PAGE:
The “times” always seem tumultuous. Has there ever been a time in history that hasn’t been laden with some sort of strife, challenge or just plain yucky feelings? This is simply life and the goal is to clear as many of the cobwebs out of your view as possible to make the most of what you’ve got. We do yoga, we read books, we meditate and get acupuncture and we do it all to reset our minds in order to see the world as it is and with as little of our “filter” that we’ve built up over the years as possible. These are all viable options to achieve this end, but if I may, I’d like to make a suggestion that’s worked for me over the years: Morning Pages.
Any fan of Julie Cameron’s The Artists Way or Vein of Gold will already know what I’m talking about (and if you do, then stop reading and go write), but for those of you who have never experienced the power of Morning Pages, read on!
Morning Pages are three, handwritten pages that you create as soon as you wake up in the morning (yes, before your morning coffee) and as such should be done daily. The goal is to write three pages and keep the writing utensil moving across the page for those three pages. What you write doesn’t matter, but most of the time it will be the garbage that has built up over the previous days and that “little voice” that is always telling you how you can’t do it, whatever it is. Oh yeah, and once you write the three pages, put them away and never look at them again. At least for 8 weeks, Ms. Cameron suggests. This is not a journal; it’s an exercise in clearing the mind. The best analogy I can apply to the process is that it’s a way to weed the garden that exists in your mind. Clear the cobwebs. Don’t have anything to write? Write, “I don’t have anything to write” for three pages.
You may be saying to yourself, “I’m not a writer” or “I’m not even an artist”, but the beauty of this exercise is that you don’t need to be either and it still works. It helps clear creative blocks (that little voice again) for everyone from writers and musicians to painters, dancers and even the entrepreneur or business person in general. It clears the mind and allows access to unfettered decision making and more creative solutions to problems. In fact, problems seem more like challenges in this newly swept and mopped mind.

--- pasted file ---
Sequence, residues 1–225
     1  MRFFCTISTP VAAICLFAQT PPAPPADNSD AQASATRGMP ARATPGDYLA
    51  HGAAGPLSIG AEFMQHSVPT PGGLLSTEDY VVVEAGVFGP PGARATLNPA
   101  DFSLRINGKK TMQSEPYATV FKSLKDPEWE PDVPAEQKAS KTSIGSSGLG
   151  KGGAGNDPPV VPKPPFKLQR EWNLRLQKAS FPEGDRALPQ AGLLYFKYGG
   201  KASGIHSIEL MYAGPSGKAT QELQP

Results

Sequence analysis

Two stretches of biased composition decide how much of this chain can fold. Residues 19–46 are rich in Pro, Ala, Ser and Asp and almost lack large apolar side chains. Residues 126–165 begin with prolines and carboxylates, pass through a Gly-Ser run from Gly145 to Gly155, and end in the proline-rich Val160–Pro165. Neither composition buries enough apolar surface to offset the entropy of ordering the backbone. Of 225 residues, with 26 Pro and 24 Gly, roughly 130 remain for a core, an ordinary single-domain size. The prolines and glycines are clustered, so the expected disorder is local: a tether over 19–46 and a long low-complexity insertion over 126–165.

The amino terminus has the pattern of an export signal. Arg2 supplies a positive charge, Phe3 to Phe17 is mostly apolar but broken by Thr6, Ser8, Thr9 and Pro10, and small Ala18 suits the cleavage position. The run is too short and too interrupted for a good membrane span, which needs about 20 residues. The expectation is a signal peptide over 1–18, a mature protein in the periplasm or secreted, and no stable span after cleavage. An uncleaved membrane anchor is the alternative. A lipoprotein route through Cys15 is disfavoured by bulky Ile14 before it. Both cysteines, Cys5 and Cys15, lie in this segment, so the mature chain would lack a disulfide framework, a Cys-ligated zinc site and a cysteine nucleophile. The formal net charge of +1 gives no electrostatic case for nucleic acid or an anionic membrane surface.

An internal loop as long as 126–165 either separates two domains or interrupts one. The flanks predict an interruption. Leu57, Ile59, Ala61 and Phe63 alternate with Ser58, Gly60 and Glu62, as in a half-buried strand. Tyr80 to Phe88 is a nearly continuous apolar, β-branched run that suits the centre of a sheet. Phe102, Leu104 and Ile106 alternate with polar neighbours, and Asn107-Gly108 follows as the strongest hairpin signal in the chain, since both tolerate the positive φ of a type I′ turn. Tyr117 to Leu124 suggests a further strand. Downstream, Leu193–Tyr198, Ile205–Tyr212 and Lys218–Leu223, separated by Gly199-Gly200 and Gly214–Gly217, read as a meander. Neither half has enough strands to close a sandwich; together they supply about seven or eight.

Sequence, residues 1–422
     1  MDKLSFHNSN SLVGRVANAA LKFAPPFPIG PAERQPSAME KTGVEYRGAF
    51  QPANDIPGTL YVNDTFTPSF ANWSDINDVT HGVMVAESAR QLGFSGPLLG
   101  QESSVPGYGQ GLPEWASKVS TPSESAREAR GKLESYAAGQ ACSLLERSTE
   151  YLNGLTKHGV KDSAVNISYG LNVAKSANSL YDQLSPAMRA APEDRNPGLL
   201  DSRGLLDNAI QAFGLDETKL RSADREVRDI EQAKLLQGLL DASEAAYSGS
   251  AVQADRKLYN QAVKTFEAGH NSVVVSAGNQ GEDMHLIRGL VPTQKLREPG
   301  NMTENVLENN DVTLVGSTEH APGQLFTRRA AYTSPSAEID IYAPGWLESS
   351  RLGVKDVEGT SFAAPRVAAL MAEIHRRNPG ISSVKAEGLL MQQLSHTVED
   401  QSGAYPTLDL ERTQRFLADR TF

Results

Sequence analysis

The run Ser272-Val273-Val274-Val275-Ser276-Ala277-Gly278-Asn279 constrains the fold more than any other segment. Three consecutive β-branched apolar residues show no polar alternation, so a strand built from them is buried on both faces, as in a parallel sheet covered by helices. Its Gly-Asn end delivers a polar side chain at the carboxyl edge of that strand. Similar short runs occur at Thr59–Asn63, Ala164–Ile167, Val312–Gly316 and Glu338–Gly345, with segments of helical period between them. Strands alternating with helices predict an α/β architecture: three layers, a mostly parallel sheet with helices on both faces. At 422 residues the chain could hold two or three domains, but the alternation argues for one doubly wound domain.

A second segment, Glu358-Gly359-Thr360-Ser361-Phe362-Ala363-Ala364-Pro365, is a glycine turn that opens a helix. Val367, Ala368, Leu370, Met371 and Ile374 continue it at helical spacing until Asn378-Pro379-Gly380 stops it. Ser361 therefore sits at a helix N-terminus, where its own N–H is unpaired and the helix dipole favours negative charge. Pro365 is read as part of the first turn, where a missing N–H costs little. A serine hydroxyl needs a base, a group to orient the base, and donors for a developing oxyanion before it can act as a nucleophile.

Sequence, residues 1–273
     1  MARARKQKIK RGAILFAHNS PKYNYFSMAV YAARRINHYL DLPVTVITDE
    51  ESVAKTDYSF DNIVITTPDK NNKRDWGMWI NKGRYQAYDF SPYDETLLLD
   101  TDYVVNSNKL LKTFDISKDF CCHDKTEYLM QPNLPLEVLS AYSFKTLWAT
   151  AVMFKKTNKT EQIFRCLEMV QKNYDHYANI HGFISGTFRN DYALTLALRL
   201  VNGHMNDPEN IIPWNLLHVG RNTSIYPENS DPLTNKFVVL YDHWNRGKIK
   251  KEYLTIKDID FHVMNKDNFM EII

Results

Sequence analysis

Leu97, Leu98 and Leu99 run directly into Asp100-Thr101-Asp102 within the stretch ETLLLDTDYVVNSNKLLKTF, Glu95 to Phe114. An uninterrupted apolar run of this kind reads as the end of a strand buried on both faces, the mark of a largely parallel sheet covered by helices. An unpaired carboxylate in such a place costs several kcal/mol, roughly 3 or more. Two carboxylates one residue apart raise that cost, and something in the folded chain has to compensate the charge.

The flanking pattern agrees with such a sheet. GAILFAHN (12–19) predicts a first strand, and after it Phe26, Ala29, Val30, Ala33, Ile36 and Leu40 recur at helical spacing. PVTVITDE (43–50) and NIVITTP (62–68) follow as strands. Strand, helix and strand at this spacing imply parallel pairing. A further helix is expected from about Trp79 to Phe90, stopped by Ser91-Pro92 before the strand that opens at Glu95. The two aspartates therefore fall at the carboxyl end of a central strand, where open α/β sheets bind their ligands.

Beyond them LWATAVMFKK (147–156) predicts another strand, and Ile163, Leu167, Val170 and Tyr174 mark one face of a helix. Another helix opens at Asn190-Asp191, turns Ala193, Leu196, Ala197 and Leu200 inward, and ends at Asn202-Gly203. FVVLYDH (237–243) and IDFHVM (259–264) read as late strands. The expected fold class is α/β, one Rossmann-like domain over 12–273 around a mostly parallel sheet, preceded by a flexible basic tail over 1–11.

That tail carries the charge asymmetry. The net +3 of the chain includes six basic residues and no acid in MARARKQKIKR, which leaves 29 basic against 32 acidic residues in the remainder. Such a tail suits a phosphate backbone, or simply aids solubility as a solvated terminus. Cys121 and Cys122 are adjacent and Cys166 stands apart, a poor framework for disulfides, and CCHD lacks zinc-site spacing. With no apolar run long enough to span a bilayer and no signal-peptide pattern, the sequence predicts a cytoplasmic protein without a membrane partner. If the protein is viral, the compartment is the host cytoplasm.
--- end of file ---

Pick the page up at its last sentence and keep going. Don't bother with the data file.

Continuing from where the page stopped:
In this age of technology, why not just type them into your favorite word-processing program and save them for generations to come? Morning Pages are to be done by hand for two reasons: the content is, ideally, not to be revisited and writing by hand slows down the mind. Remember, the words on this page are really in the spirit of “writing for the garbage can”; old, dirty cobwebs and crumbs that clog the filter. Also, the point is to slow down the mind – I don’t know anyone who can write by hand as fast as they type. I am sure some people can but only because they can’t type fast. I liken this process to cryogenically freezing metals. Cryogenic freezing brings down the temperature of the metal down so low that the molecules actually stop and realign themselves in perfect order to operate at maximum efficiency. This is what you’re doing with the mind. As well as cleaning it, you’re slowing it down rearranging the “thought molecules” for optimum performance.
Morning Pages, as the name implies, should be done in the morning: first thing even before the morning cup of coffee, tea or secha. The reason for this is twofold: to access that deep unconscious mind and to set the stage for the day. The mind just after sleep is still “open”, so to speak, to the part mind where that little voice resides as well as fears, dreams, hopes and whatnot. During the day, the door to the mind becomes closed to intruders only to be opened again the next morning. It’s this area, the closet if you will, we want to clean out. We want to open that door and allow the deluge of mental boxes, basketballs and old hockey equipment fall out onto our heads – the page is the Salvation Army and the fodder from the top shelf is our donation. We also do these pages in the morning because we want to set the stage for our day. We want to leave the house with a clear view of “things”, for lack of a better word, and not wearing our “filter”. As such, we are able to make decisions while understanding situations as they really are and not as we’ve perceived them or attributing our own meaning.
I can say with clarity (because I did my Morning Pages this morning) that I have a love/hate relationship with this exercise in that I love the benefits I reap and loath actually performing the exercise; however, this is the nature of any exercise in general and it seems that at the times when it’s extremely difficult to get it done is also the time it’s needed the most. For me, Morning Pages (and this can be attested to by my wife) make me more “smart-witted” and quicker on my verbal and written feet. As well, I pull solutions, really great solutions, seemingly from thin air as well as carrying an overall feeling of wellness and happiness.
If you’re interested in finding out more about Morning Pages, head over to the library and pick up either of Julie Cameron’s books (The Artist’s Way or Vein of Gold) and get reading! Better yet: get writing!